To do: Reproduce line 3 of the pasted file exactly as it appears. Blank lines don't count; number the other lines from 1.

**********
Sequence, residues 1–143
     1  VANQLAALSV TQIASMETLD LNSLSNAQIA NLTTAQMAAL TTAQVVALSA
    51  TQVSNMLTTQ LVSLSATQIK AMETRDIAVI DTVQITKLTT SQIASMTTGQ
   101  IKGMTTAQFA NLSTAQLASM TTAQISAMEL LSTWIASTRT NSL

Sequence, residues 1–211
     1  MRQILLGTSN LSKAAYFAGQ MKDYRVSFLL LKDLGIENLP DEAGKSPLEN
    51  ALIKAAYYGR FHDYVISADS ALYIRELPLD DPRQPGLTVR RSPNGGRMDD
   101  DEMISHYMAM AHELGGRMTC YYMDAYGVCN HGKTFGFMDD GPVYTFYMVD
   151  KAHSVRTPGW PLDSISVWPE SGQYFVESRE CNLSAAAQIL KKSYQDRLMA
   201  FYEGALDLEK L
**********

    51  TQVSNMLTTQ LVSLSATQIK AMETRDIAVI DTVQITKLTT SQIASMTTGQ